Source : The smartphone app that can tell you’re depressed before you know it yourself – MIT Technology Review

“When we use data to create better experiences for you, we work hard to do it in a way that doesn’t compromise your privacy. One example is our pioneering use of Differential Privacy, where we scramble your data and combine it with the data of millions of others. So we see general patterns, rather than specifics that could be traced back to you. These patterns help us identify things like the most popular emoji, the best QuickType suggestions, and energy consumption rates in Safari.”

Source : Privacy – Apple

“Gal Vallerius a été confondu par des agents de la DEA qui enquêtaient sur ce forum. Ces derniers avaient notamment établi des similitudes entre la façon d’écrire d’« OxyMonster » et celle de Gal Vallerius, très actif sur des plateformes comme Instagram et Twitter – l’usage de doubles points d’exclamation par exemple ou de l’expression « cheers », ainsi que quelques publications en français.”

Source : Vingt ans de prison pour Gal Vallerius, le barbu du dark Web

“An unnoticed observer in the house later revealed that their encounter ended in murder, a police report said. Five days afterward, Mr. Aiello’s stepdaughter, Karen Navarra, 67, was discovered by a co-worker in her house with fatal lacerations on her head and neck. She had been wearing a Fitbit fitness tracker, which investigators said showed that her heart rate had spiked significantly around 3:20 p.m. on Sept. 8, when Mr. Aiello was there. Then it recorded her heart rate slowing rapidly, and stopping at 3:28 p.m., about five minutes before Mr. Aiello left the house, the report said.”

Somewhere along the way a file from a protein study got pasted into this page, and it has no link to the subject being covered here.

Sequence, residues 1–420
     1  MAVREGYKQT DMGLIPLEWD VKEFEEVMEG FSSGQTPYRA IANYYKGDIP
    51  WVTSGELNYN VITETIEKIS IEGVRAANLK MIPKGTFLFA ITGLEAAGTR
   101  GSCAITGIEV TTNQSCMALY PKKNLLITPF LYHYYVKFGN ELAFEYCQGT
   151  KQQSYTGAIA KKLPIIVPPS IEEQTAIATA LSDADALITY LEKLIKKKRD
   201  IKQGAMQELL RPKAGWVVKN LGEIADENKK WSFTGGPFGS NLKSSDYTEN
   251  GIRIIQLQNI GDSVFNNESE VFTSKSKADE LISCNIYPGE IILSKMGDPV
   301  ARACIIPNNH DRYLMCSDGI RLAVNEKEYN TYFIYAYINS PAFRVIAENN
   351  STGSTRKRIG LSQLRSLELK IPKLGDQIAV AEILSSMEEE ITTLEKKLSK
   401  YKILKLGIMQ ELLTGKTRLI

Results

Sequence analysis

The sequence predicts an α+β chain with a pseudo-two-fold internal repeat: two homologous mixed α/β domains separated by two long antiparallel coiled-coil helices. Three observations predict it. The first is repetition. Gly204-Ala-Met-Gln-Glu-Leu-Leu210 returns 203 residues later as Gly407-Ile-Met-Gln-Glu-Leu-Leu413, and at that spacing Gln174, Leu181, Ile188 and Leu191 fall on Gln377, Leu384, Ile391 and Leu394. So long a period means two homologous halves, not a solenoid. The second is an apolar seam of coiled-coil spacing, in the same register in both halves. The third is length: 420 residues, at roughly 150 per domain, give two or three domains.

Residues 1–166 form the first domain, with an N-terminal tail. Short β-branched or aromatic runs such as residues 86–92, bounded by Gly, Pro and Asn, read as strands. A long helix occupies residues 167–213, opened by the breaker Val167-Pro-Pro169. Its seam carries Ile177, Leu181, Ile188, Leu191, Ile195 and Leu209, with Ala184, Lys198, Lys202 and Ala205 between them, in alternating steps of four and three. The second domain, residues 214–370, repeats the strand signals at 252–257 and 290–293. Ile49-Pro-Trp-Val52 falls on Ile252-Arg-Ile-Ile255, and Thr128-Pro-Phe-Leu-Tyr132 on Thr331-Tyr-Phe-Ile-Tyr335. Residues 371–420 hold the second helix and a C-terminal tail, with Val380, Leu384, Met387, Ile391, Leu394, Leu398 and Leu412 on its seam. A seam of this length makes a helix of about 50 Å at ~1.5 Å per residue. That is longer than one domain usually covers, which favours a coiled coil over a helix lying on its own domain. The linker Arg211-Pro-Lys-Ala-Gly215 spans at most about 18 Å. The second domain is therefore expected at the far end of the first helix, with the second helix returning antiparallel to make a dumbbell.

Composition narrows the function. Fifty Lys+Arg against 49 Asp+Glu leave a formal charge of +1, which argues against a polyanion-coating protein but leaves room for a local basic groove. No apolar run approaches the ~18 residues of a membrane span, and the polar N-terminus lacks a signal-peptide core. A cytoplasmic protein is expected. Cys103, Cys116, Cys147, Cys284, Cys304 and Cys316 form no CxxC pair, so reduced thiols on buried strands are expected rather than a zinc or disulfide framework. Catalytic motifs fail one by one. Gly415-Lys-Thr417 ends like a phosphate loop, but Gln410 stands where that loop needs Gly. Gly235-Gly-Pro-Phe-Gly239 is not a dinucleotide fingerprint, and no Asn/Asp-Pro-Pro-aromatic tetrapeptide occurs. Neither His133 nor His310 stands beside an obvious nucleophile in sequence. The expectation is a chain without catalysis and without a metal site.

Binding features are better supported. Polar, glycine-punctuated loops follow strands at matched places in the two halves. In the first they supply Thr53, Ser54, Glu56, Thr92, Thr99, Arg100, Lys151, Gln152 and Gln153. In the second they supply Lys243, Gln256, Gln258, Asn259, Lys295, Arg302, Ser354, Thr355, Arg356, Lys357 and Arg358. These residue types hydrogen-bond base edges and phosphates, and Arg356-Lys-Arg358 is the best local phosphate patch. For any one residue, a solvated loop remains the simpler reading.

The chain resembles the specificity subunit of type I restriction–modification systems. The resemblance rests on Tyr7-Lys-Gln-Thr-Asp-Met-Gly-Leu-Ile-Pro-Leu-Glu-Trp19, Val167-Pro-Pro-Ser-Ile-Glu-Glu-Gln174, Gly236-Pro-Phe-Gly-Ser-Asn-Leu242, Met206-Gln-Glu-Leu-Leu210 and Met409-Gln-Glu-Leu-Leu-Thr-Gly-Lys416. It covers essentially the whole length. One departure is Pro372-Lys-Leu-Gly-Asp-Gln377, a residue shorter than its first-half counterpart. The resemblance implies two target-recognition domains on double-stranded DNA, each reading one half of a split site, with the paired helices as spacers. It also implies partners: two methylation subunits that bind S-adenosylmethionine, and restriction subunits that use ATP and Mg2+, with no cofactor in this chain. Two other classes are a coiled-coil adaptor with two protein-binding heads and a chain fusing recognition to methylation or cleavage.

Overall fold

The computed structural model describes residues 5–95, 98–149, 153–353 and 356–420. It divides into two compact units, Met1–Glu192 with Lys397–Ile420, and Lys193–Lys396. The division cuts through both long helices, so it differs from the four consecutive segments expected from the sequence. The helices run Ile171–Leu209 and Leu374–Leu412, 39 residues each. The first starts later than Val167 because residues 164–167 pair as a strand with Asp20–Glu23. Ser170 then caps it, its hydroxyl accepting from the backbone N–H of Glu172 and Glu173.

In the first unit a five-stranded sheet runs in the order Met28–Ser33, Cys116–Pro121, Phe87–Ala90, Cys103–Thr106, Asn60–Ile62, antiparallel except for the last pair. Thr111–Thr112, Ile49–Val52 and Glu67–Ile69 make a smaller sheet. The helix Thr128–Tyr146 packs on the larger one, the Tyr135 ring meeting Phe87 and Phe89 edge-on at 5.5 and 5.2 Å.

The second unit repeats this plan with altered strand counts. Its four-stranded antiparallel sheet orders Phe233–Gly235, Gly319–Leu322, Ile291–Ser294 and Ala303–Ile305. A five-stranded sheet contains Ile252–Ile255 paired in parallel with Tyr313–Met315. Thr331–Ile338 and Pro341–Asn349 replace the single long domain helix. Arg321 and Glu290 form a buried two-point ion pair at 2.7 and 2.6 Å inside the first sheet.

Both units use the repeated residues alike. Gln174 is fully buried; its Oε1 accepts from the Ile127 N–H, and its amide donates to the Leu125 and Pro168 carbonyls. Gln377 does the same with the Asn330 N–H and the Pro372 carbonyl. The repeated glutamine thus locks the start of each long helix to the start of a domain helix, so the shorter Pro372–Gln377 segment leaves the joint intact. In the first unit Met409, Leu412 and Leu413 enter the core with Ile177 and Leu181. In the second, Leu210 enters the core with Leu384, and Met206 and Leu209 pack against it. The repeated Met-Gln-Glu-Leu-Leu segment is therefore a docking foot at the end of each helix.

Source : Police Use Fitbit Data to Charge 90-Year-Old Man in Stepdaughter’s Killing – The New York Times

“A l’instar des partis politiques, qui utilisent les Big Data issus des réseaux sociaux pour analyser les opinions de leurs concitoyens, nous avons souhaité pour cette présidentielle mettre les outils de la recherche à disposition des citoyens via ce « macroscope politique ». A l’ère du numérique, ce rééquilibrage dans l’utilisation des outils du Big Data est à notre sens indispensable pour préserver un accès démocratique à l’information”.

Source : Le Politoscope | Politoscope

Potential Data Sources

“Car makers are collecting massive amounts of data from the latest cars on the road. Now, they’re figuring out how to make money off it. With millions of cars rolling off dealer lots with built-in connectivity, auto companies are gaining access to unprecedented amounts of real-time data that allow them to track everything from where a car is located to how hard it is braking and whether or not the windshield wipers are on.
The data is generated by the car’s onboard sensors and computers, and then stored by the auto maker in cloud-based servers. Some new cars have as many as 100 built-in processors that generate data”.

Source : What Your Car Knows About You – WSJ